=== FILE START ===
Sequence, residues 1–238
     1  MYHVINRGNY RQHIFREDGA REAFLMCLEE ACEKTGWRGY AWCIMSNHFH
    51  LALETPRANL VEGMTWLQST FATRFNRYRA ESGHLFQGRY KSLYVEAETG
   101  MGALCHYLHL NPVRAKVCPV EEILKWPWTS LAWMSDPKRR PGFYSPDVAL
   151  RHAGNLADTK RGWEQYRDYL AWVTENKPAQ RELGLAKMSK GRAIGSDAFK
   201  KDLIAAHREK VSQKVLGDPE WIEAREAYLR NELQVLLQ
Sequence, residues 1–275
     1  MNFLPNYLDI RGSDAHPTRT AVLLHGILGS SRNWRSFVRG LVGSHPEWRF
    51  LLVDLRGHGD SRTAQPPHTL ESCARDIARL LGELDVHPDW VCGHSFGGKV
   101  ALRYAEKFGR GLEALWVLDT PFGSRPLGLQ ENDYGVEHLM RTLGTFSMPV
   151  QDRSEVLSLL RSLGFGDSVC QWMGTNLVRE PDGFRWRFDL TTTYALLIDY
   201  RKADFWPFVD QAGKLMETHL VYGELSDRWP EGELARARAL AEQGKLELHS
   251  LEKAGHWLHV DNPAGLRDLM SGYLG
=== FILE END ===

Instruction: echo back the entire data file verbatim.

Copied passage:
Sequence, residues 1–238
     1  MYHVINRGNY RQHIFREDGA REAFLMCLEE ACEKTGWRGY AWCIMSNHFH
    51  LALETPRANL VEGMTWLQST FATRFNRYRA ESGHLFQGRY KSLYVEAETG
   101  MGALCHYLHL NPVRAKVCPV EEILKWPWTS LAWMSDPKRR PGFYSPDVAL
   151  RHAGNLADTK RGWEQYRDYL AWVTENKPAQ RELGLAKMSK GRAIGSDAFK
   201  KDLIAAHREK VSQKVLGDPE WIEAREAYLR NELQVLLQ
Sequence, residues 1–275
     1  MNFLPNYLDI RGSDAHPTRT AVLLHGILGS SRNWRSFVRG LVGSHPEWRF
    51  LLVDLRGHGD SRTAQPPHTL ESCARDIARL LGELDVHPDW VCGHSFGGKV
   101  ALRYAEKFGR GLEALWVLDT PFGSRPLGLQ ENDYGVEHLM RTLGTFSMPV
   151  QDRSEVLSLL RSLGFGDSVC QWMGTNLVRE PDGFRWRFDL TTTYALLIDY
   201  RKADFWPFVD QAGKLMETHL VYGELSDRWP EGELARARAL AEQGKLELHS
   251  LEKAGHWLHV DNPAGLRDLM SGYLG